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J5 DentaJet 3d Dental Printer
Case Study

Dental Laboratory at LMU University Hospital in Munich prints highly-accurate, full-color dental restorations using the 3Shape Color Workflow

December 07, 2022

The Germany-based Dental Laboratory at the Department of Prosthodontics, LMU University Hospital in Munich, Germany, is leveraging Stratasys PolyJet technology to produce true-color 3D-dental models to give customers more natural-looking dental restorations.

The Dental Laboratory is led by Josef Schweiger, who is the author of more than 50 international and 300 national publications, including a 2022 report on the application of 3D-printed, colored models for the fabrication of full ceramic restorations using Stratasys Polyjet technology. Schweiger, who has been interested in additive manufacturing for more than 20 years, focused on ceramics and implant restorations as a Certified Dental Technician (CDT) before becoming the head of the Dental Laboratory at LMU University Hospital in Munich in 1999.

Schweiger began using Stratasys technology in 2013 when his team at LMU, with the help of Gerhard Kräutner, M.Sc.Eng., produced a multilayer tooth for the first time using multi-material 3D printing.

Today, Schweiger said, with the new 3Shape Color Workflow there are vast possibilities to produce esthetically-pleasing, natural-looking dental restorations because of the ability to record geometry-related color information of individual points with intraoral 3D scanners.

scanned teeth and 3d printed teeth full color.png
Josef Schweiger quote

“Color models give dental technicians the ability to provide intraoral color information in addition to three-dimensional information on the jaw’s geometry,” Schweiger said. “They are a ‘killer application’ that can’t be produced using a traditional analog physical impression with a plaster model.”

Traditional plaster models, which are produced by pouring analog jaw impressions, cannot convey color information. The color is specified by the manufacturer, so it bears no relation to other conditions in the mouth, including the gingival areas, Schweiger said. He also pointed out a few more opportunities for error in the traditional analog workflow, which starts with taking a physical impression of the patient’s mouth, compared to the 3D printing process.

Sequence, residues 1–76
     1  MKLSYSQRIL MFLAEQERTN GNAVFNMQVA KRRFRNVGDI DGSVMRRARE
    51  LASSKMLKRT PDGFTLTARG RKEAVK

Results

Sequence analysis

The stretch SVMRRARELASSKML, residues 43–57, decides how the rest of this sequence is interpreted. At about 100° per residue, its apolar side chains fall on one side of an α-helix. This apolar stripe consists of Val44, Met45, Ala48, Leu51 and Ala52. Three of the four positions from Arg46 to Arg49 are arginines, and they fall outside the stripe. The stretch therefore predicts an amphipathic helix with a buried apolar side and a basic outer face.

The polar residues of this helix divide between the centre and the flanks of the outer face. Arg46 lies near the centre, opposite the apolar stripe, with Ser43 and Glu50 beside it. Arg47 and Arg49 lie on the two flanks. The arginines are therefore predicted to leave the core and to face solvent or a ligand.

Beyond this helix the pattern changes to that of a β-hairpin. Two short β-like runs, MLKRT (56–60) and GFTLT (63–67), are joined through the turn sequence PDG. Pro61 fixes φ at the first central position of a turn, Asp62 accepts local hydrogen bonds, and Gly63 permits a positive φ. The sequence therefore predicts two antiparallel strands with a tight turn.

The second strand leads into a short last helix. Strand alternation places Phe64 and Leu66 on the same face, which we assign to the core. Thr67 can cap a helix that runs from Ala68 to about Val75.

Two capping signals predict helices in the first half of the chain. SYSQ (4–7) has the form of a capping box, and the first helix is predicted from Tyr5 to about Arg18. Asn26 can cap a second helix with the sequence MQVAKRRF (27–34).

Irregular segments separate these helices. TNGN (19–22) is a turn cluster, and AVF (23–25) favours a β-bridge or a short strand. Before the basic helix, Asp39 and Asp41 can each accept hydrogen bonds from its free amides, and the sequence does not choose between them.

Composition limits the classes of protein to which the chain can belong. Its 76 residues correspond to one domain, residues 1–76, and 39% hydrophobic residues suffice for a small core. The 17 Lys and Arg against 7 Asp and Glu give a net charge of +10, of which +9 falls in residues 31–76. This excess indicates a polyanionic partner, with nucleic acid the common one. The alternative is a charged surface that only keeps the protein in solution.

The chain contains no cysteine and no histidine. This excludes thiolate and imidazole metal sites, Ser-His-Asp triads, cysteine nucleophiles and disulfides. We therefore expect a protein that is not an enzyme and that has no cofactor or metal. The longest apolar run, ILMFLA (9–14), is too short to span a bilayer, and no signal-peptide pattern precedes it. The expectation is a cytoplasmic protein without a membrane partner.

“If areas of the impression weren’t molded correctly, or if bubbles and pulls can be seen, the impression must be repeated,” Schweiger said. “This is uncomfortable for the patient, plus, repeating an impression costs time and money, and it’s not uncommon to take multiple physical impressions.”

Schweiger and his team members use the 3Shape color workflow and Stratasys PolyJet printers to create true-color, realistic, 3D models when manufacturing restorations where color is important, including crowns, inlays, onlays, veneers, and bridges. With this workflow, users can scan and capture every part of a patient’s mouth.

Joseph Schweiger quote Color dental models

“The 3Shape color workflow delivers unparalleled added value for laboratories and patients,” Schweiger said. “It’s important that the color of dental restorations matches a patient’s actual teeth so that it integrates naturally into the oral cavity. Patients don’t want teeth that look ‘fake,’ so dentists and dental technicians need to create highly-accurate colors for dental restorations. 3D printed color models offer unprecedented possibilities for natural-looking dental restorations.”

The future value of color in digital dentistry

As it becomes easier to transmit photorealistic information about the color of the teeth and gingiva, Schweiger said, it will also become possible to consider more aspects of dental restorations that can be improved.

“In the future, intraoral optical scanning technologies will be able to record the tooth layers — like the dentine area and outer enamel surface — three-dimensionally, and then provide the data for multilayer, 3D-printing of dental restorations,” Schweiger said. “In addition to producing highly esthetic crowns and bridges, excellent solutions will also be possible in the area of full and partial dentures, for example.”

Seamless color workflow for 3D printing dental models

Stratasys has partnered with 3Shape, the market-leading developer and manufacturer of 3D scanners and CAD/CAM software solutions for the dental industry, to develop an end-to-end color workflow for dental models. This new interface and the power of PolyJet printing allow users to easily color match the restoration to the patient’s teeth by accurately replicating teeth, stump, and gingiva shades from an intraoral scan.

  • Hands off, end-to-end solution: Once the lab receives the scans, users can program their printer to automatically produce colored models without spending any additional hands-on time at the printer.

  • Patient-specific models: This new workflow automatically matches colors with intraoral scans to produce the most realistic, patient-specific models.

  • Better communication: Color models facilitate communication between dental labs, dentists, and patients, and make it easier for dental technicians to complete high-aesthetic restorations like crowns and bridges.

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